• Crimes Against My Brother will follow the three boys through to adulthood — a concise summary of the story would describe it as “relentlessly bleak”. Two of them, in fact, will “succeed” in conventional economic terms; they do not in any way “succeed” in finding an enjoyable life. The narrative stream pretty much moves from one upheaval to another, following the stories of each of the three.

    Like the other Richards’ novels that I have read, this is a look at the inherently powerless, how life treats them and how they respond. There are truly despicable creatures in the novel (Lonnie) and there are sadly misguided ones (Annette), but for the most part it features decent people doing their best to find a decent life — and almost always failing, sometimes from their own weaknesses, more often because of external forces.

    From my experience, that seems to be consistent with Richards ongoing exploration of the Miramichi and its people and one can hardly fault him for returning to this world and those who live there. If Alice Munro looks at her part of Canada through sepia-toned glasses as some have observed, Richards looks at his with razor-sharp, penetrating precision — life in his Miramichi Valley is definitely not pleasant, but it is a story that deserves to be told.

    The Rise and Fall of Great Powers, by Tom Rachman

    July 30, 2014

    Review copy courtesy Doubleday Canada

    Review copy courtesy Doubleday Canada

    Author Tom Rachman gives the reader three starting points in the life of Tooly Zylberberg in this novel:

  • 2011 — Thirtysomething Tooly owns and operates a used bookstore in a converted pub in Wales, aided (sort of) by Fogg. Trade is slim by any measure, but it has its moments — and Fogg’s wandering philosophical meanderings are in themselves a source of some amusement. The shop is the kind of place a tightly-united community welcomes. A powerful symbol is the Honesty Barrel, “a cask of overstock”, left outside the store where passersby can take a volume (suggested contribution £1) and move on — the Barrel has to be taken in when rain threatens, which is a major decision in the quiet life of running the bookshop:

    Caergenog — just across the Welsh side of the border with England — was populated by a few hundred souls, a village demarcated for centuries by two pubs, one at the top of Roberts Road and the other at its foot. The high ground belonged to the Butcher’s Hook, named in recognition of the weekly livestock market across the street, while the low ground, opposite the church and roundabout, was occupied by World’s End, a reference to that pub’s location at the outer boundary of the village. World’s End had always been the less popular option (who wanted to carouse with a view of iron crosses in the graveyard?) and the pub closed for good in the late 1970s. The building stood empty for years, boarded up and vandalized, until a married couple — retired academics from the University of Bristol — bought the property and converted it into a used bookshop.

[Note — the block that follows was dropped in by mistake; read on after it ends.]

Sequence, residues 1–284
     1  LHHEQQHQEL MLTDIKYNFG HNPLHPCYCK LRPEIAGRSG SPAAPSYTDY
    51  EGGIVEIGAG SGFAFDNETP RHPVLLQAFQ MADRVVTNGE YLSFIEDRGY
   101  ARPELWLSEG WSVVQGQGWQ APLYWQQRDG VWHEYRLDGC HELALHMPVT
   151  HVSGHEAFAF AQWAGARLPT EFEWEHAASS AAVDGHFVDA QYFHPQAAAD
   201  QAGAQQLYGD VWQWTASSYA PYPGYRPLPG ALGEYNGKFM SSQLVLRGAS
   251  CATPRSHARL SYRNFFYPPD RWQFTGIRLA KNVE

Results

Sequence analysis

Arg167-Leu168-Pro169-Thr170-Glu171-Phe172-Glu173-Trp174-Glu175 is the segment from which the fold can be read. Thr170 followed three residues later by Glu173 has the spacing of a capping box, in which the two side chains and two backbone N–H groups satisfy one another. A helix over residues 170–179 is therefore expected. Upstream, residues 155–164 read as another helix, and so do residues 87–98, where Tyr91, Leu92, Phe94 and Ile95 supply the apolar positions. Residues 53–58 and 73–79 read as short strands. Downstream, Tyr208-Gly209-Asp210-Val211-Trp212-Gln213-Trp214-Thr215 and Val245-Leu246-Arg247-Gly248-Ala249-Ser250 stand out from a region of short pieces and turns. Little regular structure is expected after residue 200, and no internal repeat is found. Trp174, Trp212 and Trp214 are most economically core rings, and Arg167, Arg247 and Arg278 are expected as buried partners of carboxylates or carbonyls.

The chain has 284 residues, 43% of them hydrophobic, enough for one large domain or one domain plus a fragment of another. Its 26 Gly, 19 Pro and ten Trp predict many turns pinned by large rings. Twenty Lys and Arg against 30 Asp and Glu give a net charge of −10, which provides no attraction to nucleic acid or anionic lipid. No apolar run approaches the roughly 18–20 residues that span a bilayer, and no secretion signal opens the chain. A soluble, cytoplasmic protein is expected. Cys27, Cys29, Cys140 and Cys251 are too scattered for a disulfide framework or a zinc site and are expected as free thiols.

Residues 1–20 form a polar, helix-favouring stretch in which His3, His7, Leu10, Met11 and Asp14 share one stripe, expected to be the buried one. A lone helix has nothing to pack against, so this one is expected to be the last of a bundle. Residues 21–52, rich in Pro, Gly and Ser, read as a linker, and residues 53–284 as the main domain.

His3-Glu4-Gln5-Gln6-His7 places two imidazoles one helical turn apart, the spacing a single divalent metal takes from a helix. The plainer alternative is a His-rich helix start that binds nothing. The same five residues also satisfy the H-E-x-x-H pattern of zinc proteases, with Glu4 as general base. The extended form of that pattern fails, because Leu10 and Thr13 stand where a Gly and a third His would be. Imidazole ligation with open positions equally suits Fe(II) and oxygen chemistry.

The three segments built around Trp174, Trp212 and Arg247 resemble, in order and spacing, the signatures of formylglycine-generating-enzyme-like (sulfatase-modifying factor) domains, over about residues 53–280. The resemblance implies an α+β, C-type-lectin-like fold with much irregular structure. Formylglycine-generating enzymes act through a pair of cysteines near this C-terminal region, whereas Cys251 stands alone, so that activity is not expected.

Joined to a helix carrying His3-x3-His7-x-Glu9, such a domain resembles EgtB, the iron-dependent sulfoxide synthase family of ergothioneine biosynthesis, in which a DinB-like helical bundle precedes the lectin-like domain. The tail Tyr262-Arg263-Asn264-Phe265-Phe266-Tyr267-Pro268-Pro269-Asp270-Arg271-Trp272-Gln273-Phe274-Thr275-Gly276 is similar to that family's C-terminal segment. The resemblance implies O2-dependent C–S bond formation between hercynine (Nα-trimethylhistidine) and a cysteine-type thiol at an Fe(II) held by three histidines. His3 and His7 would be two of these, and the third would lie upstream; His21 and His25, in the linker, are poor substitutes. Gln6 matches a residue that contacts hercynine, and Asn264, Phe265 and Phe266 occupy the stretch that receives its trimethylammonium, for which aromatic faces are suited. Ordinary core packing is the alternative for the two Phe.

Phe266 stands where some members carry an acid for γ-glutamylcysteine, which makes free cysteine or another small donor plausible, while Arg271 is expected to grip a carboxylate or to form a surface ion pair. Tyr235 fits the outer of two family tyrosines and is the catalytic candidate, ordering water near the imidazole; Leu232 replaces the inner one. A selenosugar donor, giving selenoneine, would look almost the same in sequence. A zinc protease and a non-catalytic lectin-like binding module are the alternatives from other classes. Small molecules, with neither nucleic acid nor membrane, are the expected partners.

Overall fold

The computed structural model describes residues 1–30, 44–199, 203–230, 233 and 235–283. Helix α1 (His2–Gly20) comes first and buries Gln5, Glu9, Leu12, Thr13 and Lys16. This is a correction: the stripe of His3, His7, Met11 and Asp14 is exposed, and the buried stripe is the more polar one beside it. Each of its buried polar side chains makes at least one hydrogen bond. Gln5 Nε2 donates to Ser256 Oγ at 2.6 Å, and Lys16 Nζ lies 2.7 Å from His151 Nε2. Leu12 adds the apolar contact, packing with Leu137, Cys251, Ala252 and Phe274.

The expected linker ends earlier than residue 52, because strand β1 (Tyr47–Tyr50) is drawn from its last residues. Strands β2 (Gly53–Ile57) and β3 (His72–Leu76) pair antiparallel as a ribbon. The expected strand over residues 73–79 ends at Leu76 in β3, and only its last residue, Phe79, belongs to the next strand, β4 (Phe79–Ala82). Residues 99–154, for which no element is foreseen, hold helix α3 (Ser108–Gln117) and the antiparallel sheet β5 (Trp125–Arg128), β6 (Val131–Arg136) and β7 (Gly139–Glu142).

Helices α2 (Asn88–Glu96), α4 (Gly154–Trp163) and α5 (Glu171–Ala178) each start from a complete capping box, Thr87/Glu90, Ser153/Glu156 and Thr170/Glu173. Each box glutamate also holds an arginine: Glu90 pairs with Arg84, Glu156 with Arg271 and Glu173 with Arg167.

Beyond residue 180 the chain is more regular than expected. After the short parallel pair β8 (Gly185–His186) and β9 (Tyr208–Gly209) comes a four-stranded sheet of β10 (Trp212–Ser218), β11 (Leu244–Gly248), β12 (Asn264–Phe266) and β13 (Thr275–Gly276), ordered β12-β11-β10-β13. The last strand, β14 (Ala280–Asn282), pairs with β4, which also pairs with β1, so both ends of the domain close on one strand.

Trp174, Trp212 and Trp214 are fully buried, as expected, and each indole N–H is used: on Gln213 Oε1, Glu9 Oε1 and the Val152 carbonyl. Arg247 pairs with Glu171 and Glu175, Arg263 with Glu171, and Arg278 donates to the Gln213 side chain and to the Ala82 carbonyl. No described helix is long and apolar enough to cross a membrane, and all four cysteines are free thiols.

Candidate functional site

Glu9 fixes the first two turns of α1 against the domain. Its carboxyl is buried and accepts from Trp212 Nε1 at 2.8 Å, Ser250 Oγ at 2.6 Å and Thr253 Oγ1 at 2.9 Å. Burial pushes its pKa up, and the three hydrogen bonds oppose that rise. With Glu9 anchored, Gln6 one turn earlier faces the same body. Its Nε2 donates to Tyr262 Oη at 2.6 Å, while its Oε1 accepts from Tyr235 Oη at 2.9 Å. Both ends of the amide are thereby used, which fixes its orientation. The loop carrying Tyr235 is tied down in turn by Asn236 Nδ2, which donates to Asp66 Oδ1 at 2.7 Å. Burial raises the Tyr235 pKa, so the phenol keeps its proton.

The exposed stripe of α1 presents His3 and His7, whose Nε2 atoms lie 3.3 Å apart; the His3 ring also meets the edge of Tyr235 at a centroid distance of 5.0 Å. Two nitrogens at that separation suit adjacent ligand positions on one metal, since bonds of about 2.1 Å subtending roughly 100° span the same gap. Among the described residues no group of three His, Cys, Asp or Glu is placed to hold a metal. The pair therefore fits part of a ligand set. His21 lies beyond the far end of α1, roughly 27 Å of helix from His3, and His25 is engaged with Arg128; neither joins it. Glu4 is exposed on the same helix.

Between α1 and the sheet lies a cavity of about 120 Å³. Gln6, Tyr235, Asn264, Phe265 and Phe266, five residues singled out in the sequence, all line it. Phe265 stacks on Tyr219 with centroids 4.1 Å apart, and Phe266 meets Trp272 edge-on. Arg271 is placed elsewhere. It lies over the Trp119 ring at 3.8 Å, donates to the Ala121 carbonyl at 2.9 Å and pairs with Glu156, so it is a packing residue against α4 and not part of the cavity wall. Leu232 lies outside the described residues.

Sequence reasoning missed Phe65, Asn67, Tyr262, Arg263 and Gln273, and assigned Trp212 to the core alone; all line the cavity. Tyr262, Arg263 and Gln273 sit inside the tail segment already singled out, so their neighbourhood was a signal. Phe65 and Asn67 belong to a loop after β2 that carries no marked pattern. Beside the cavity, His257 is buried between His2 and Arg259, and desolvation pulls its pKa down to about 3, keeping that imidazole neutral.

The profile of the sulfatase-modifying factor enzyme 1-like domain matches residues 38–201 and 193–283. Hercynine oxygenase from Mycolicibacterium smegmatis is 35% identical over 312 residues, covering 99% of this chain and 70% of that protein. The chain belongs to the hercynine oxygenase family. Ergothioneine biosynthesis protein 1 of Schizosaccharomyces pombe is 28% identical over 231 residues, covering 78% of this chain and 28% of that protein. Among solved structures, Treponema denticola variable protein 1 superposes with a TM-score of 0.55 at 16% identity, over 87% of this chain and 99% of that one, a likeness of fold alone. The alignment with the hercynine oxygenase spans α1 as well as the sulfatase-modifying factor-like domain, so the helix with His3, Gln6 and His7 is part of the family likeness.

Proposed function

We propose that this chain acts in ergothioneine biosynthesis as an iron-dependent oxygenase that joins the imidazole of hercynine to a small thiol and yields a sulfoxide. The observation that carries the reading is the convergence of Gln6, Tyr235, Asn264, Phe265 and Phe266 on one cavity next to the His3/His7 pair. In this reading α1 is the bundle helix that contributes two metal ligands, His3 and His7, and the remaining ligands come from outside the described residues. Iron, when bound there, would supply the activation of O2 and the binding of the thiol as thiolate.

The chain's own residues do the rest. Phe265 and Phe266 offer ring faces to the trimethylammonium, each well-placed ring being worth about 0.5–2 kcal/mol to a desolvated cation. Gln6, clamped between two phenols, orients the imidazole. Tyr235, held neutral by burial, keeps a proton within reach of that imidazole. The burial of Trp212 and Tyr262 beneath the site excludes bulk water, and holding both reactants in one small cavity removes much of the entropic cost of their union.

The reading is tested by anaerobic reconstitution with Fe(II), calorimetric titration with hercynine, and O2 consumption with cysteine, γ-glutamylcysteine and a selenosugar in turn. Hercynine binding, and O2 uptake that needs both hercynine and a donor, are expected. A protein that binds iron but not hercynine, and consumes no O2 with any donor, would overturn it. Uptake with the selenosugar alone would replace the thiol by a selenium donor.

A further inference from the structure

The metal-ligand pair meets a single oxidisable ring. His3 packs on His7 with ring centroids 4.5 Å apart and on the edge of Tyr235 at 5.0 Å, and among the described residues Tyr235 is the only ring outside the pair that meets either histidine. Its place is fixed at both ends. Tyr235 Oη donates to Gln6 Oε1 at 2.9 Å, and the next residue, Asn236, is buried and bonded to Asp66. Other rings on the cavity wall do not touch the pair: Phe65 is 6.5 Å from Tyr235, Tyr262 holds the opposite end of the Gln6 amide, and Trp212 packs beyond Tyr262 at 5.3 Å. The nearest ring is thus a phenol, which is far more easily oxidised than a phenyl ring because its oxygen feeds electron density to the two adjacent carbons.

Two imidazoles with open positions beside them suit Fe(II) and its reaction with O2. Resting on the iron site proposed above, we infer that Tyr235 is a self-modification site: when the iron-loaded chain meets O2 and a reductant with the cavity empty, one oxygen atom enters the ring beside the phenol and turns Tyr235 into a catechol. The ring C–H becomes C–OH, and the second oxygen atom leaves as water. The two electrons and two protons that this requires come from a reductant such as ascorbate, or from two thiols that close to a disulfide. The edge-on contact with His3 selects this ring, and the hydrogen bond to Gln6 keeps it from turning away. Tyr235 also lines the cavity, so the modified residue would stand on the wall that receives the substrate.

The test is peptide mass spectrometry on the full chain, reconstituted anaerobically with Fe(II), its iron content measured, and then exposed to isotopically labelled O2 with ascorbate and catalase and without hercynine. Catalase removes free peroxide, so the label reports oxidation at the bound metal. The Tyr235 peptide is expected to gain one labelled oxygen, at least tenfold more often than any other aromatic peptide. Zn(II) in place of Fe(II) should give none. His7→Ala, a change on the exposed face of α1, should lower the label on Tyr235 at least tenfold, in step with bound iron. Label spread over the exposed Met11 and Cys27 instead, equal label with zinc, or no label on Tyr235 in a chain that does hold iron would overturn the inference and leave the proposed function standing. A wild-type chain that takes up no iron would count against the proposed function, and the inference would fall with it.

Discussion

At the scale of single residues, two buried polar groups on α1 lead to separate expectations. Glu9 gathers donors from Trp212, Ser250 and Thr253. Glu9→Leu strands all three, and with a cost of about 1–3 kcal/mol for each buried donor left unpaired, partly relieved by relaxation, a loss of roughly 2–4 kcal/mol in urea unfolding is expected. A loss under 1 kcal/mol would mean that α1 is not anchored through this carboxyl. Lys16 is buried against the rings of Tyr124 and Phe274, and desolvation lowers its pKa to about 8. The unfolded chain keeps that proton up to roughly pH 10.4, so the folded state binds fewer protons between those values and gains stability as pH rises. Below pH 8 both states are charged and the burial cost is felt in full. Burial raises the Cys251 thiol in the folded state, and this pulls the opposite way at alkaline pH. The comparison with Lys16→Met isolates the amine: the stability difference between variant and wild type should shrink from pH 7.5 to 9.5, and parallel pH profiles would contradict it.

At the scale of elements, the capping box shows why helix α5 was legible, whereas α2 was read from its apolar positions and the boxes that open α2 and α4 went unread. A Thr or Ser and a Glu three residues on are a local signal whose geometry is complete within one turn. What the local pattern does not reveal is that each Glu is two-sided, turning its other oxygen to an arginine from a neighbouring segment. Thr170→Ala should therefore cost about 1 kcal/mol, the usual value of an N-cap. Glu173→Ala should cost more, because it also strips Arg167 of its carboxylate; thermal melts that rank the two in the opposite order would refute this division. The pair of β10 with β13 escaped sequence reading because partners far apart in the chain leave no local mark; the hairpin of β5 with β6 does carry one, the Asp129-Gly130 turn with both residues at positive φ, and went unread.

That business plan failed, but Tooly has resurrected it, alas with no positive results to date. As the previous owners said, maybe “some youthful energy” could turn it into a break-even business “but you won’t get rich”.

  • 1999 — The 20-year-old Tooly, resident of Brooklyn, but self-directed student of Manhattan who is keeping a marked map of her excursions:

    Tooly intended to walk the entirety of New York, every passable street in the five boroughs. After several weeks, she had pen lines radiating like blue veins from her home in the separatist republic of Brooklyn into the breakaway nations of Manhattan, Queens, and the Bronx, although their surly neighbor, Staten Island, remained unmarked. Initially, she had chosen neighborhoods to explore by their alluring names: Vinegar Hill and Plum Beach, Breezy Point and Utopia, Throggs Neck and Spuyten Duyvil, Alphabet City and Turtle Bay. But the more enticing a place sounded the more ordinary it proved — not as a rule, but as a distinct tendency.

    This Tooly has discovered a tactic that helps fuel her curiosity: if she knocks on a door and says she used to live in this very apartment and wants a look round to remind her, people tend to let her in. This thread of the story acquires momentum when she does just that at a suite occupied by three students near Columbia University and moves into their convoluted lives.

  • 1988 — Tooly is not quite 10 and she and her father Paul are about to land in Thailand. Paul is an IT expert whose job consists of upgrading computer access in minor U.S. diplomatic posts so they can dip into massive data bases to check on possible terrorists. He has just finished a contract in Australia and now the two are moving to Bangkok — even though most of his work is in outposts, he likes to operate from a base in a larger city.

    “Landing cards,” Paul said, thinking aloud, and grabbed two as they waited in line at the border control. “When were you born?”

    “You know that.”

    “I know that,” he acknowledged, filling it in. He looked around, startled at the slightest noise — he was rigidly tense in public with Tooly. A Velcro strap on his shoe had come unstuck, so she knelt to attach it. “What are you doing?” he asked irritably. “It’s nearly our turn.”

    The immigration officer summoned them. Paul was a man who followed rules — indeed, their absence unnerved him. Yet whenever he addressed authorities his mouth became audibly dry. “Good morning. Evening,” he said, sweat budding on his upper lip.

    We know from the other two threads (where Paul is absent) that Tooly got away from Thailand. We don’t know how, and that will become the dramatic dilemma of the novel.

  • For this reader, The Rise and Fall of Great Powers is the latest example of a new fiction phenomenon (I’m reluctant to call it a genre): authors who have been “raised globally” bringing that experience to their writing.